Your brand is your business. It’s the anchor that holds your position in the market and the clarion that calls to your customers.
People just love brands. Whether it’s their Swiss watch, Italian clothes, German car, French perfume, American golf clubs, designer sports clothing (surfing gear for people that don’t surf maybe?….) people seek brands.
But your brand also serves another important purpose. Your brand defines your customer’s position in their demographic. Why? Because, as you were smart, you defined it for them when you created your brand’s positioning statement.
Yep, by defining your positioning you achieve two things: you declare exactly which kind of client you want and when they buy from your brand, you give them confidence. They’ve done the right thing; they feel comfortable; they’ve bought your brand.
Think about it. Why do people gather in bars wearing Joules eventing gear? Are they off to the races? Nope. Why does the guy on the first tee think he can out-drive his opposition with his new Calloway driver? Is his swing any better? No way José. Why has the lady in the little black dress donned the Chanel No 5 ‘cloak of hope’? Is she any more attractive (don’t answer that…)? The reason is they feel comfortable. They’ve bought into your brand and they’re telling the world with confidence ‘I’ve bought a better version of myself!’
Sir John Hegarty, co-founder of Bartle Bogle Hegarty (BBH, Est. London 1982) repeats his message ‘Don’t start a business, build a brand’. Their famous mantra is ‘When the world zigs, zag’ which, for those of us who didn’t see their 1982 Black Sheep Levi advertisement roughly translates as, ‘don’t follow the herd (in this case ‘flock’) create a difference’.
And creating a difference is what branding is all about. It’s the difference that means, instead of competing on price, you define a unique positioning that means you can rise above the competition and smash your targets unchallenged. It’s the difference that means, rather than be compared to your competitors, your clients compare the competition to you. It also means you create loyalty from your clients which is worth its weight in gold.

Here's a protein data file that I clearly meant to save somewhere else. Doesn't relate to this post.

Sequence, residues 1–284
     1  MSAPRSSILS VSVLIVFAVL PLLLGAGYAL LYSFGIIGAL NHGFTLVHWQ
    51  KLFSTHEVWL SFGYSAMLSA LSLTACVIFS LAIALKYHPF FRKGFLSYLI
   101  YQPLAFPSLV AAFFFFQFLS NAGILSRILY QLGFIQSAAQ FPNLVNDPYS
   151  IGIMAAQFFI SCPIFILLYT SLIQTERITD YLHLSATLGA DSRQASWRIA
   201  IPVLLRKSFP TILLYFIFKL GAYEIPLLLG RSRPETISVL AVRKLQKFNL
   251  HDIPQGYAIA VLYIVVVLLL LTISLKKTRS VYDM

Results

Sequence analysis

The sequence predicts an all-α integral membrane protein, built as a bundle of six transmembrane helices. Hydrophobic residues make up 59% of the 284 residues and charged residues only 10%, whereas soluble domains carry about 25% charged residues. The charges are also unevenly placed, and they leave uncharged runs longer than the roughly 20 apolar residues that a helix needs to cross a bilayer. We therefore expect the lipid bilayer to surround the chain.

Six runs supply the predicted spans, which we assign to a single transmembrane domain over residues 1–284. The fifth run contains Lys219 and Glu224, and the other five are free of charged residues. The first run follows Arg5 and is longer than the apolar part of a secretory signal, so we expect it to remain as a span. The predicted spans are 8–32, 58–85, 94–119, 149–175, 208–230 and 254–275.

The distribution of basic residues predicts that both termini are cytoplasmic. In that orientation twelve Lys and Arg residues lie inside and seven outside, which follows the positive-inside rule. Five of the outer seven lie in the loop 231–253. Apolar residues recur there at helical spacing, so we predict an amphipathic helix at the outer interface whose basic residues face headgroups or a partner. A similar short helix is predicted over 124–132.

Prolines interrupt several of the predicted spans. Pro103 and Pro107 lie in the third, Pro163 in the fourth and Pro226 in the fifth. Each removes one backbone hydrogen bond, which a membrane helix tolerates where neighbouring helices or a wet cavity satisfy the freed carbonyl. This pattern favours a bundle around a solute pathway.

So how do we join the dots? Branding and positioning go hand in hand. In fact, if you want to be perceived as unique or making a difference in your chosen marketplace, they’re pretty much joined at the hip. There is, however, one important point you need to remember. Don’t confuse your market positioning with your market position. Here’s why.
In 1997 American marketing guru Harry Beckwith famously defined positioning for us:
‘ A statement of position is a cold-hearted, no-nonsense statement of how you are perceived in the minds of your prospects and clients. It IS your position‘.
‘A positioning statement, by contrast, states how you wish to be perceived by your prospects and clients. It’s the core message you want to deliver in every medium, including elevators and airport waiting areas, social media etc. to influence the perceptions of your service’
In other words, your positioning statement lets your clients know who you are, what business your in, what type of clients you want, what unique benefits your clients will get and what makes you more desirable than the competition. Top this off with the instantly visual recognition of your brand logo and wham! you’ve just molded the expectation of your clients.
But, hang on a minute, it’s not as easy as that. It takes time, effort and cash to create a commercially successful brand. But when it works, it works! Brands are what people want and a brand’s role in positioning your business is key to your success. To illustrate, here’s a brilliant example of a brand that has successfully positioned itself at the top of peoples’ must have list – Superdry.
Superdry products combine vintage Americana styling with Japanese inspired graphics. It is listed on the London Stock Exchange and is a constituent of the FTSE 250 Index. All the way from Cheltenham, England? Really? Yep….
So maybe Sir John Hegarty was right all along? ‘Don’t start a business, build a brand‘
Those that claim ‘possession is nine-tenths of the law’ have usually stolen something